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Nonparametric Techniques

  • A joke to be used in discussing the Sign test (based on whether an observation is above or below a specific value) and the Wilcoxon test (based on ordering the observations).  The joke was written by Larry Lesser from The University of Texas at El Paso in December 2020.

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  • A pun to start a discussion of the use of a sign test.  The joke was written by Dennis Pearl from Penn State University in 2020.

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  • This presentation is a part of a series of lessons on the Analysis of Categorical Data. This lecture covers the following: linear association, correlation coefficient, ridits/modified ridits, nonparametric methods, Cochran-Armitage Trend test, 

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  • This chapter discusses a collection of tests called distribution-free tests, or nonparametric tests, that do not make any assumptions about the distribution from which the numbers were sampled. The main advantage of distribution-free tests is that they provide more power than traditional tests when the samples are from highly-skewed distributions. 

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  • This site offers separate webpages about statistical topics relevant to those studying psychology such as research design, representing data with graphs, hypothesis testing, and many more elementary statistics concepts.  Homework problems are provided for each section.

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  • The goal of this text is to provide a broad set of topics and methods that will give students a solid foundation in understanding how to make decisions with data. This text presents workbook-style, project-based material that emphasizes real world applications and conceptual understanding. Each chapter contains:

    • An introductory case study focusing on a particular statistical method in order to encourage students to experience data analysis as it is actually practiced.
    • guided research project that walks students through the entire process of data analysis, reinforcing statistical thinking and conceptual understanding.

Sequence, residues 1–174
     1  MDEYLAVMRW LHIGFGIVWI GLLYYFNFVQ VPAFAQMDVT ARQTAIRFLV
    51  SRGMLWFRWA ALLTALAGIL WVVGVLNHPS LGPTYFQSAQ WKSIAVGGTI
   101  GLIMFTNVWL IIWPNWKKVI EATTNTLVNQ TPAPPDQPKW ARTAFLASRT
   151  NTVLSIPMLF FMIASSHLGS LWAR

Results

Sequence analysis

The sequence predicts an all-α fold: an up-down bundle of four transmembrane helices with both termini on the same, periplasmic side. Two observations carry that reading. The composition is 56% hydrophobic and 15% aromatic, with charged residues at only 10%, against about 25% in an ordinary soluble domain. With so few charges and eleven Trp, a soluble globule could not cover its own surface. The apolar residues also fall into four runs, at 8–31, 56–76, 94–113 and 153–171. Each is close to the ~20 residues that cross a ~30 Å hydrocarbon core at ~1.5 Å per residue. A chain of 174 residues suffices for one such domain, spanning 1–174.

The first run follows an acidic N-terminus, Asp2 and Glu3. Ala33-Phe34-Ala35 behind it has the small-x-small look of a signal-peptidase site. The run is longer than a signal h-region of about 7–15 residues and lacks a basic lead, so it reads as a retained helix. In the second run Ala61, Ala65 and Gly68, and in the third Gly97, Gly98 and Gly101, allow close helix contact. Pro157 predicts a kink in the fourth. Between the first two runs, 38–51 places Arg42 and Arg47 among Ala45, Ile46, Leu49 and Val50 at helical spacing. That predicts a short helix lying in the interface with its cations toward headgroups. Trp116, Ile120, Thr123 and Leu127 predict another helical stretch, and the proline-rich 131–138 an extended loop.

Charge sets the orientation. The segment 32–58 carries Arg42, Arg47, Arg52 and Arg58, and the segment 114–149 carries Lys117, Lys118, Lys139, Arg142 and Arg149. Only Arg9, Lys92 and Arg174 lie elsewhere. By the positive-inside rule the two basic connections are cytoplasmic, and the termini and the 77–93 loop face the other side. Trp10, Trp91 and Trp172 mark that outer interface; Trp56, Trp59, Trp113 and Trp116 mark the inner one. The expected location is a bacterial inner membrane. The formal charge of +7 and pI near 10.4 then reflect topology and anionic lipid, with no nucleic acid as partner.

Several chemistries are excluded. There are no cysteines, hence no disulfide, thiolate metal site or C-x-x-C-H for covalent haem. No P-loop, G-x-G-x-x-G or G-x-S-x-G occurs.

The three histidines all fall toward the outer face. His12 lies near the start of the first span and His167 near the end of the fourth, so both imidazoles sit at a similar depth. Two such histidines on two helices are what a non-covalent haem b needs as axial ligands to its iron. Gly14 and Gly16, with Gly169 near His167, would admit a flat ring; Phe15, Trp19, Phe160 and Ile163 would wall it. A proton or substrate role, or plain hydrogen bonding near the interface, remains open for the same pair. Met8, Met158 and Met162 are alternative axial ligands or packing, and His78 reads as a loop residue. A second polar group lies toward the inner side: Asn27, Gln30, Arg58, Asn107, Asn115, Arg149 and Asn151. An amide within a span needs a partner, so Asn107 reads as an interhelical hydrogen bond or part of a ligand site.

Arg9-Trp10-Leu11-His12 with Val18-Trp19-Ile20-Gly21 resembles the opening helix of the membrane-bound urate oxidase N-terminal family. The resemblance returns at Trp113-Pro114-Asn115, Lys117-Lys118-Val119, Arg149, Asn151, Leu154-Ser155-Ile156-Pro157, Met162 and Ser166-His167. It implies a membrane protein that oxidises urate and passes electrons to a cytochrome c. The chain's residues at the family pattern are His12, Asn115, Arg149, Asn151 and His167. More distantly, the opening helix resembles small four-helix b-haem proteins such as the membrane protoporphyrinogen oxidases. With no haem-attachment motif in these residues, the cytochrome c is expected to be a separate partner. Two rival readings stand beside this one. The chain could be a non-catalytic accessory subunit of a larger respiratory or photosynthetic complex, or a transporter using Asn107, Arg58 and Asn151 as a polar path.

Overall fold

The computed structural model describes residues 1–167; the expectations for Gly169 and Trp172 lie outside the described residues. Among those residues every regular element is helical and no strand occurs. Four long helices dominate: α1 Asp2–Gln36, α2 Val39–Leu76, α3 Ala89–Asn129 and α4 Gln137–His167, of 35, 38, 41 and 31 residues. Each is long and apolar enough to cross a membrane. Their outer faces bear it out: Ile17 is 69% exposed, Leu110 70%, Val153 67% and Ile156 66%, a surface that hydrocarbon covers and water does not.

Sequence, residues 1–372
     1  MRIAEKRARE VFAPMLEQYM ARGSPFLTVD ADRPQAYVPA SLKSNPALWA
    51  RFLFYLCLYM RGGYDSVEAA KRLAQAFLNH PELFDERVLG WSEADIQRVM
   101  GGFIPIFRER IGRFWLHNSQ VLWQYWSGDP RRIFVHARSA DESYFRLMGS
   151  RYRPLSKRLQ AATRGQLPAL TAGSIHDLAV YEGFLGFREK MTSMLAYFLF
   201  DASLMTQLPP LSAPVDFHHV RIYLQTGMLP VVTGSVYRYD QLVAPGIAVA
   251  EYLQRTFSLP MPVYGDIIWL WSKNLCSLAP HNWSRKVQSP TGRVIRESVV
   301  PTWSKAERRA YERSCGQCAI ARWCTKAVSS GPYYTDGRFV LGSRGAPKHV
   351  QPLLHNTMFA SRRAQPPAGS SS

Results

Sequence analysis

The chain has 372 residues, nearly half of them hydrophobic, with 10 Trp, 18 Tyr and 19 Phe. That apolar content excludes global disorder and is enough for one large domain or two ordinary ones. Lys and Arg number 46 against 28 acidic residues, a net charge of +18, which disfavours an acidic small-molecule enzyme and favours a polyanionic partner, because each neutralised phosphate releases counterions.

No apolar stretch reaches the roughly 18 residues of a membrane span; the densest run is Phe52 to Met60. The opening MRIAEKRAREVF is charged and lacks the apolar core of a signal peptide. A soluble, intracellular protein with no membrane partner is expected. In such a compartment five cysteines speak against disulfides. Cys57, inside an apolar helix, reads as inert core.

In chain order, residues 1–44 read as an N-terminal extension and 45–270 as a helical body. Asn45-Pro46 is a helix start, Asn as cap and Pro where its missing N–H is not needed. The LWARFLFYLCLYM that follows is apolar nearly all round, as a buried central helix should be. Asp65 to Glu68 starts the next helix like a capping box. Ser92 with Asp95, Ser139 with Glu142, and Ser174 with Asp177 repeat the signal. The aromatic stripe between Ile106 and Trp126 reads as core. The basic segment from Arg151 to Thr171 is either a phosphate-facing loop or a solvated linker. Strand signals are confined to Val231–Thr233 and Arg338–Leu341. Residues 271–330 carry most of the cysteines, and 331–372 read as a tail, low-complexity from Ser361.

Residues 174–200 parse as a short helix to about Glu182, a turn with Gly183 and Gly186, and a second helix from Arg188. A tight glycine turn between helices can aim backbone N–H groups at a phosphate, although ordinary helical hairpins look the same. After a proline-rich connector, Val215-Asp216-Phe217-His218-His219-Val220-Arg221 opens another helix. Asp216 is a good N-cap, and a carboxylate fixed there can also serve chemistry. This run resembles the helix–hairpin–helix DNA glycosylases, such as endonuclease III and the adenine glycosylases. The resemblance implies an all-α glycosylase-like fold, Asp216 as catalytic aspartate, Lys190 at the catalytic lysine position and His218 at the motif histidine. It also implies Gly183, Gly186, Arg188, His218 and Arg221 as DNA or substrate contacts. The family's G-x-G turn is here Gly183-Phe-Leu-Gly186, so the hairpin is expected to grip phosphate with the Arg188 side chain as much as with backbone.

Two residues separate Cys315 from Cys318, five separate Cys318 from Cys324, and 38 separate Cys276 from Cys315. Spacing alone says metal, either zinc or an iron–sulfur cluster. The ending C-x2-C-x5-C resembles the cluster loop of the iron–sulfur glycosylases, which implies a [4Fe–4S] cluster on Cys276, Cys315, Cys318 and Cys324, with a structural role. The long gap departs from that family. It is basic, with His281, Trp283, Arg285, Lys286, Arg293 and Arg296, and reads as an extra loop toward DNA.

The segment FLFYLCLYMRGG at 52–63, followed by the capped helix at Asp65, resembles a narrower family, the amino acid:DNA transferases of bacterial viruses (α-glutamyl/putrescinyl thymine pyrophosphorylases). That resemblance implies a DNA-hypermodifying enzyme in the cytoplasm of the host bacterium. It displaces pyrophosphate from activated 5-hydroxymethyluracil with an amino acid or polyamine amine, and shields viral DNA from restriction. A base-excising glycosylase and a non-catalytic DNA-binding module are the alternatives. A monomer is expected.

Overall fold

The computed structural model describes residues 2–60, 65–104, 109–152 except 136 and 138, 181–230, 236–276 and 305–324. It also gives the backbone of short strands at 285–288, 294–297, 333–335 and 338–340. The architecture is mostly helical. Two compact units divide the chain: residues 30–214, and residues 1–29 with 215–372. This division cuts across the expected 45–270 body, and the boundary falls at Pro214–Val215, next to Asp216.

• Optional extended activities that provide more in-depth coverage in diverse contexts and theoretical backgrounds. These sections are particularly useful for more advanced courses that discuss the material in more detail. Some Advanced Lab sections that require a stronger background in mathematics are clearly marked throughout the text.
    • Data sets from multiple disciplines and software instructions for Minitab and R.

    The text is highly adaptable in that the various chapters/parts can be taken out of order or even skipped to customize the course to your audience. Depending on the level of in-class active learning, group work, and discussion that you prefer in your course, some of this work might occur during class time and some outside of class. 

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  • "The purpose of this electronic service is to provide access to a collection of datasets suitable for teaching statistics. The datasets are stored either locally or on other computers throughout the world. The datasets have been organized by statistical technique to make it easier for you to find a dataset appropriate for your pedagogical needs. When a dataset is appropriate for several statistical techniques, it will appear under several categories. Each dataset consists of three files: one is a description of the data; the others are an ascii (text) file of the data and an Excel file of the data."
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  • This is an e-book tutorial for R. It is organized according to the topics usually taught in an Introductory Statistics course. Topics include: Qualitative Data; Quantitative Data; Numerical Measures; Probability Distributions; Interval Estimation; Hypothesis Testing; Type II Error; Inference about Two Populations; Goodness of Fit; Analysis of Variance; Non-parametric methods; Linear Regression; and Logistic Regression.
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  • A sketch by Anastasia Mandel reinterpreting Blacksmiths Taking a Drink by Jean Francois Raffaelli (1884) with the statistical caption "Looks like Kolmogorov-Smirnoff testing." This is part of a collection of sketches by Anastasia Mandel and their accompanying statistical captions discussed in the paper "How art helps to understand statistics" (Model Assisted Statistics and Applications, 2009) by Stan Lipovetsky and Igor Mandel in volume 4 pages 313-324. Free to use in classrooms and on course websites.

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  • This is a collection of notes that covers many topics typically included in introductory and/or intermediate statistics courses. The notes are in PDF format, and each is followed by a set of exercises (with most answers included). The site also includes some tables and a link to a StatTable calculator.
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